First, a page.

Books: Barnacles for All

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Nurse for the Patient. The only casualty in Darwin's struggle was Darwin himself. His ailments included "weakness, fatigue, headache, insomnia, sinking feelings and dizziness." Actually, sickness was a vast help to him. "A half-hour's conversation with a stranger could give him a sleepless night"—so Darwin happily avoided strangers. "An hour in church could produce dizziness and nausea"—so Darwin had time for his barnacles even on Sundays. He paid tribute to the very heaviest tomes by reclining in a chair to read them with numerous cushions under him. As this made his legs uncomfortable, he placed them on a footstool; this, in turn, made necessary more cushions on the chair, which demanded higher support for the feet. "One is tempted to imagine him, in the course of a long German work, rising rather close to the ceiling."

The question of whether or not to marry had been solved with the greatest difficulty. As in his study of barnacles, he had been careful to jot down all available evidence on the nature of the married state. Against it was: "Terrible loss of time, if many children forced to gain one's bread." But the advantages were pretty inviting: "Children (if it please God)—constant companion (& friend in old age)—charms of music & female chitchat . . . Only picture to yourself a nice soft wife on a sofa, with good fire and books . . ." In 1839 he married firm, kindly Emma Wedgwood: "the perfect nurse had married the perfect patient." Among their many common bonds was backgammon. Darwin tabulated the results of all their games, so that towards the end of his life he was able to write to a friend: "She, poor creature, has won only 2,490 games, whilst I have won, hurrah, hurrah, 2,795 games."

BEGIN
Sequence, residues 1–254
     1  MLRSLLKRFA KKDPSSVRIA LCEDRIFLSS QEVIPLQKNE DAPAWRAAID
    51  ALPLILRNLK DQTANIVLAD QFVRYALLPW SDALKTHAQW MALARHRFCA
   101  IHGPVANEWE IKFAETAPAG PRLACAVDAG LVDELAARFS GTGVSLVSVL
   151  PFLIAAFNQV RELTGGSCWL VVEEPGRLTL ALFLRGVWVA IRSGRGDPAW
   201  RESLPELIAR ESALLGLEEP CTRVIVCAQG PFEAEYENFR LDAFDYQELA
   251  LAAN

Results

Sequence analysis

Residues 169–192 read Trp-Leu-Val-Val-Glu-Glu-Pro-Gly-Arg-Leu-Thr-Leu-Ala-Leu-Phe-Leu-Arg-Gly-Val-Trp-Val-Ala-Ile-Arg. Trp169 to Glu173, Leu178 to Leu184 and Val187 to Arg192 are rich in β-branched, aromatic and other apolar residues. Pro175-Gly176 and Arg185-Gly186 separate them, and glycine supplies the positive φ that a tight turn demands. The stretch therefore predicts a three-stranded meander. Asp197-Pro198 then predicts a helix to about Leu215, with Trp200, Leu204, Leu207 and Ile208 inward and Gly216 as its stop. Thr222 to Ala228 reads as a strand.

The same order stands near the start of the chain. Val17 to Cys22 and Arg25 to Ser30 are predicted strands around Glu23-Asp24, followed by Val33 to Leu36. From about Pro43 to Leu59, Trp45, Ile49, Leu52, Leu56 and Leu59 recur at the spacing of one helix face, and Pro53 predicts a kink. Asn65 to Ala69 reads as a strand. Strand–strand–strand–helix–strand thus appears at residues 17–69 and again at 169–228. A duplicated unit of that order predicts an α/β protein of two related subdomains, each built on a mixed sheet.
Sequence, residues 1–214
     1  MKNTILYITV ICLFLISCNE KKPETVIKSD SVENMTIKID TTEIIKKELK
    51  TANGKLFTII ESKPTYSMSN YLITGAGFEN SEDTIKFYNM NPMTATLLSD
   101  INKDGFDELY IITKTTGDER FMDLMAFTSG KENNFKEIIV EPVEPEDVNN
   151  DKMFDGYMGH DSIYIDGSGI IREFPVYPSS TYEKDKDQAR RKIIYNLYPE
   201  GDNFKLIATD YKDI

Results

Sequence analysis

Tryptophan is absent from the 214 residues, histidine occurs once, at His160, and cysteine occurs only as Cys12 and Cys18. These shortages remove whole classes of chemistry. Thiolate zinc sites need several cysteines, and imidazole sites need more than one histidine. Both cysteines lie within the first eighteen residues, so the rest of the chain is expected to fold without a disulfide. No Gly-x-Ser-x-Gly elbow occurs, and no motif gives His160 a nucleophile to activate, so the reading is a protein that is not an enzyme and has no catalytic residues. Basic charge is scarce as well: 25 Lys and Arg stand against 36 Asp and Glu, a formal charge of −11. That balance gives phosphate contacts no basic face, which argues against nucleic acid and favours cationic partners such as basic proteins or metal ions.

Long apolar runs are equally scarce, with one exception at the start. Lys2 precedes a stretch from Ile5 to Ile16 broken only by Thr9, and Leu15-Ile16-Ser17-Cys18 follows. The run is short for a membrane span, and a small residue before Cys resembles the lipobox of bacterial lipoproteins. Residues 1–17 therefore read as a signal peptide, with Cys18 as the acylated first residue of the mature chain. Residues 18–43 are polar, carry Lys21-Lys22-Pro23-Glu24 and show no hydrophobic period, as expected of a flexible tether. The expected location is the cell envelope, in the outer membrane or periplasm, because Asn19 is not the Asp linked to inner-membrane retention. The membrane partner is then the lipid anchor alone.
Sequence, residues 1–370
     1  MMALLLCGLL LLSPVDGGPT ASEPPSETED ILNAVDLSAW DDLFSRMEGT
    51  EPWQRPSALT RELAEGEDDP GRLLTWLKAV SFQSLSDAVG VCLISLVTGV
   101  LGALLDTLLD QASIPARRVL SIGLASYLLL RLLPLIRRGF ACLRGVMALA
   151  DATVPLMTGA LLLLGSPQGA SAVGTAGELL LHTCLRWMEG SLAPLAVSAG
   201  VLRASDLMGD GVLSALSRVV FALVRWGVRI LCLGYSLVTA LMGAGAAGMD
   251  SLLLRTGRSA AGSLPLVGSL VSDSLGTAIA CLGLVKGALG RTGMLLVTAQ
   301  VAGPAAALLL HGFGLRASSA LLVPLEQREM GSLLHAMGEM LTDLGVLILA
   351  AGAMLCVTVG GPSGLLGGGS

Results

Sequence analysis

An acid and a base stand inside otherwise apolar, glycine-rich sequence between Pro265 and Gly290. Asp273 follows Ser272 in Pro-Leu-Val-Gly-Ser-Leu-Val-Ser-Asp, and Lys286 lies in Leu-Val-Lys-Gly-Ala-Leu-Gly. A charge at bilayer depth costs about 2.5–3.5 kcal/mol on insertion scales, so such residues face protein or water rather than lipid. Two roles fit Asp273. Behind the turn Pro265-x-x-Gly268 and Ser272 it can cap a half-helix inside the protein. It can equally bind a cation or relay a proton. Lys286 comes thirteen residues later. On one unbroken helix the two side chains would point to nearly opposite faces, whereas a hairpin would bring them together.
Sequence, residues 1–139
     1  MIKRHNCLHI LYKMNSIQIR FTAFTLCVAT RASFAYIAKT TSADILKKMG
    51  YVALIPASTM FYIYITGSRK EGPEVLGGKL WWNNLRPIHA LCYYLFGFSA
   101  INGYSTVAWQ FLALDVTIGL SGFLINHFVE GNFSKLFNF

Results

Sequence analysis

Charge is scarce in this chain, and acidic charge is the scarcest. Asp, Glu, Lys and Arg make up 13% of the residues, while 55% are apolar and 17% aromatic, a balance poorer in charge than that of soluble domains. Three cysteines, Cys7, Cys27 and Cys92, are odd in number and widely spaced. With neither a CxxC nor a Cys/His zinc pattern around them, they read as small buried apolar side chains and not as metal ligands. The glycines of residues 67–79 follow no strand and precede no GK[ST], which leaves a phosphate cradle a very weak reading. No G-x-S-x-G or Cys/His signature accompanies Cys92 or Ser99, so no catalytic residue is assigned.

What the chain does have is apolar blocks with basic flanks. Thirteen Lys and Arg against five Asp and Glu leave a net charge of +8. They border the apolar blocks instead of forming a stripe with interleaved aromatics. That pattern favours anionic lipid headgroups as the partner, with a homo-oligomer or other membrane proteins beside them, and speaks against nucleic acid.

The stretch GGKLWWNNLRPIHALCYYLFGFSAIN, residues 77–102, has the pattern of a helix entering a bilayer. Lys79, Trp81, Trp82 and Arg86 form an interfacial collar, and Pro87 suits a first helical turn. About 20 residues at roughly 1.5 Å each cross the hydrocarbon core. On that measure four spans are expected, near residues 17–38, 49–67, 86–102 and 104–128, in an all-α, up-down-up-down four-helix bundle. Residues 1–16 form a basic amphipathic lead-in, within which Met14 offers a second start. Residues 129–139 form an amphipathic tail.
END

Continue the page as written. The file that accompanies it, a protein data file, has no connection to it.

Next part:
Drafts in the Abbey. The theme of Apes, Angels & Victorians is the evolution of evolutionary theory, and it is not Author Irvine's fault if Darwin the man almost steals the whole show. Imbedded in crustaceans, orchids, insectivorous plants and earthworms. Darwin seems at one moment the most innocent and lovable of sages, at the next the most cunning of nervous foxes. From Down House, his retreat in Kent, he issued a stream of letters to his disciples and champions, urging them on, tactfully setting them straight, occasionally punctuating his orders with childlike cries of "Oh my gracious!" Far away, in sooty London, in learned Berlin, in skeptical Paris, lesser Darwinian deities wielded his thunderbolts: bearded Titans of science grappled amid earth-shaking roars with massive doctors of divinity. Darwin was dumfounded by the racket. "I feel quite infantile in intellect," he said.

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